I was a “Brookside Superstar” for the love of God! From what I can remember, Brookside Superstars were kids who did well in school and were rewarded with an assembly, a certificate, and a mention in the local newspaper.
I felt pretty important.
|"...Don't you know that you are a shooting star, and all the world will love you just as long, |
as long as you are, a shooting star..."
My teacher loved me and would rave to my parents about how smart and well behaved I was, and go on about how well I was doing in class. Which makes why I engaged in the following scheme all the more confusing…
Whenever my mom would take me to the doctor, dentist, or anywhere with a waiting room, there was Highlights Magazine. In Highlights there were two sections I really looked forward to; reading the cartoon Goofus and Gallant (naturally) and the poetry in the back, written by kids who read the magazine. I loved to write stories, make little books, draw, act, and sing, but poetry…this was unexplored territory. I sat down and tried to write a great poem that I would be able to submit to Highlights, so I could see my name in print and check “poet” off of my kid-list of things to do. Maybe I would wear a beret while I wrote.
Guess what? I was not a good poet. My poems were no good, and I knew it. My roses didn’t smell sweet, they stunk. I knew this was something I wasn’t good at and that crushed me, mostly because there was a big poetry contest coming up at school, and the winners would get their poems published in some big, national poetry magazine! Eat it Highlights, I was going to be a published poet after all, even if I wasn’t any good at it.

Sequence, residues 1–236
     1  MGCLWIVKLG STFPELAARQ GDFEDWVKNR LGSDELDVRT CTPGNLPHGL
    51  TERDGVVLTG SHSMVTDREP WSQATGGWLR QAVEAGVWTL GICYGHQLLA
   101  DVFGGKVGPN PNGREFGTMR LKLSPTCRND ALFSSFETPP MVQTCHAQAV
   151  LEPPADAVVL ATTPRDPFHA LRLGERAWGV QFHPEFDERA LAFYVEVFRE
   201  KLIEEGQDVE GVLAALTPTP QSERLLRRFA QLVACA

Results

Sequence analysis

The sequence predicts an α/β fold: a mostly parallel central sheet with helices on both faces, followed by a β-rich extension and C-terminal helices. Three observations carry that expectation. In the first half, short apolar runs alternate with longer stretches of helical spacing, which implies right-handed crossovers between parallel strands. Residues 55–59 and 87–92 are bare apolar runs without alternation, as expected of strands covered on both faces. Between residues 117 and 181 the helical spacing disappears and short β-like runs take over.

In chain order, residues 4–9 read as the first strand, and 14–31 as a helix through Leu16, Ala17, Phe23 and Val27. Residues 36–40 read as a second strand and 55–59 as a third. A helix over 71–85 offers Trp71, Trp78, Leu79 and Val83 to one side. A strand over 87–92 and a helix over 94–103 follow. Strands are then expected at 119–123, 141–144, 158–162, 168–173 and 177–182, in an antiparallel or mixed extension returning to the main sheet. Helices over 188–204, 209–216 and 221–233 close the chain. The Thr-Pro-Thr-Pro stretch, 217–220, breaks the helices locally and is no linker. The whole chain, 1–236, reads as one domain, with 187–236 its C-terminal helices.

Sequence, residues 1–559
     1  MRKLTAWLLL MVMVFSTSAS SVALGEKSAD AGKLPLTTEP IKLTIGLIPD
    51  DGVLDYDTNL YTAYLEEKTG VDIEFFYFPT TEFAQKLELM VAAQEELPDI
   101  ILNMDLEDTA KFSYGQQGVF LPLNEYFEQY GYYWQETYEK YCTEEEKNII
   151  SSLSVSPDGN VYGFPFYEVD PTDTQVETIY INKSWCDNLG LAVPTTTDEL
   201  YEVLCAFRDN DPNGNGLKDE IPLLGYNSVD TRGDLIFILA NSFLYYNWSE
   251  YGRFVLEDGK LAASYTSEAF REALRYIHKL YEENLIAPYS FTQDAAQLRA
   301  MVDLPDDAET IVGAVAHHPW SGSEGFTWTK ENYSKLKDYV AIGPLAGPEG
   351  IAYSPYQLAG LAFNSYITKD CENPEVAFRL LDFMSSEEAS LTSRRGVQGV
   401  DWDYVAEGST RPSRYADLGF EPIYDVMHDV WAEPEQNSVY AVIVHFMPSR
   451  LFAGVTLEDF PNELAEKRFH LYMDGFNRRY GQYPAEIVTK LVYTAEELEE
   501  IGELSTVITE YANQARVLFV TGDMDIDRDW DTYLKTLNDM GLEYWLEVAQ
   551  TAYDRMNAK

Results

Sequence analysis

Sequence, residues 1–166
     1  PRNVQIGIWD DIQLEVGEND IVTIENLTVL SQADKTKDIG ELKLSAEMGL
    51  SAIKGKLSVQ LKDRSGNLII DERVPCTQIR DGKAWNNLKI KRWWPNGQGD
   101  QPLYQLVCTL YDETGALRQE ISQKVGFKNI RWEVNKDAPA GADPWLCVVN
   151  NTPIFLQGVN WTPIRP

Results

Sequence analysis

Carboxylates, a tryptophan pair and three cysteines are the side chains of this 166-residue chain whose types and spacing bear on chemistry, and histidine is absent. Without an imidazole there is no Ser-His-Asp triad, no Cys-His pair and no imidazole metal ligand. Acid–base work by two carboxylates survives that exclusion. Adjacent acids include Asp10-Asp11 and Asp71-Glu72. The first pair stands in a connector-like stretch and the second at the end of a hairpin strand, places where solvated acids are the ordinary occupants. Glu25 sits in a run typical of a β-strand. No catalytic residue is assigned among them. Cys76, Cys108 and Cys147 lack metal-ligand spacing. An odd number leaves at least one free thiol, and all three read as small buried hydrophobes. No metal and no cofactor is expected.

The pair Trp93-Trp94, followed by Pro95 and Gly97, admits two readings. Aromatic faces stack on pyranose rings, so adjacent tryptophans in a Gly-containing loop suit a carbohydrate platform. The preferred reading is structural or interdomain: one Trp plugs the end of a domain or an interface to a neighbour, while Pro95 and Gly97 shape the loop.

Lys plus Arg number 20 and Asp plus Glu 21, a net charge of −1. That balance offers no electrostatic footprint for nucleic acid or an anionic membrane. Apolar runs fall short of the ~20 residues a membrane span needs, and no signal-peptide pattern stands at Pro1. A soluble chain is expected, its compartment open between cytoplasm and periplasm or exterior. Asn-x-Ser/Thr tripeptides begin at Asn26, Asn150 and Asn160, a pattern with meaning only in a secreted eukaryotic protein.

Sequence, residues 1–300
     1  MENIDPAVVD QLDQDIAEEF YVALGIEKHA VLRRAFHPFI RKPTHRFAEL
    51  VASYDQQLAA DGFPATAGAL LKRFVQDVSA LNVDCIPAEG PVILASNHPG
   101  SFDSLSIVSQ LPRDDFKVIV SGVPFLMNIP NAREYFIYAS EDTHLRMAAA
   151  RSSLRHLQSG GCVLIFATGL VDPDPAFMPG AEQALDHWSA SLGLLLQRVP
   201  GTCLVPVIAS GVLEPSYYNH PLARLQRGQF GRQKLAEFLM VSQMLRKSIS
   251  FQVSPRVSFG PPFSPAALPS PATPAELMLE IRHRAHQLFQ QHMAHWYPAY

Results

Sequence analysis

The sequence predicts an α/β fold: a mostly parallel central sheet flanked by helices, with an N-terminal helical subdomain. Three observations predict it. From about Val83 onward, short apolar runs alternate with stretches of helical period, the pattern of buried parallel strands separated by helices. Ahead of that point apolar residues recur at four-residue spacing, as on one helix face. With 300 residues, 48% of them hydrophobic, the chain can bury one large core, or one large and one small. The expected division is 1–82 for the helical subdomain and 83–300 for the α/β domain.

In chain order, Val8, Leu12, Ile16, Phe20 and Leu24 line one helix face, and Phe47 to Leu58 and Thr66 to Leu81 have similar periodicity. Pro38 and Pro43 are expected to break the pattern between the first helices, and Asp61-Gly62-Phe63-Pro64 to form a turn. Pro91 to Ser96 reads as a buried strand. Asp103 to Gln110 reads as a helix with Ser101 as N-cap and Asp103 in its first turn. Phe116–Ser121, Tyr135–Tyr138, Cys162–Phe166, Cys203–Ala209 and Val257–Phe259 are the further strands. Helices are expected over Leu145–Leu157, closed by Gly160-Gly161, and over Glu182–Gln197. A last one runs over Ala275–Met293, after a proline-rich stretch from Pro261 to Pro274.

I decided to copy some poems that I had read in Highlights and submit them to my teacher. Seriously, in my mind, I thought I could pass somebody else’s stuff off as my own, no problemo.
You would think this would send me into a panic, since my lies were hanging on the stucco walls all around me, but instead I was secretly pleased, that “my work” was so creative and meaningful and on display.
Of course this world came crashing down…how could it not? I’m sure some kid in the class was like, “Bullshit! That poem is in my most recent issue of Highlights, Lori didn’t write that” and turned me in, rightfully so! If I had a beret, I would have been asked to turn it in to the poetry police.
I had to get up in front of the whole class and apologize. I also had to apologize of course to my teacher and my parents, for lying and forgery. I was devastated, it was all very dramatic in my nine year old mind and I didn’t know how or if I would ever recover. Thank God I wasn’t stripped of my “Superstar” status.
Maybe today that’s why I don’t care for poetry so much. I ruined poetry for myself by trying to be something that I wasn’t.
Today, I bet I could write a damn good poem about that.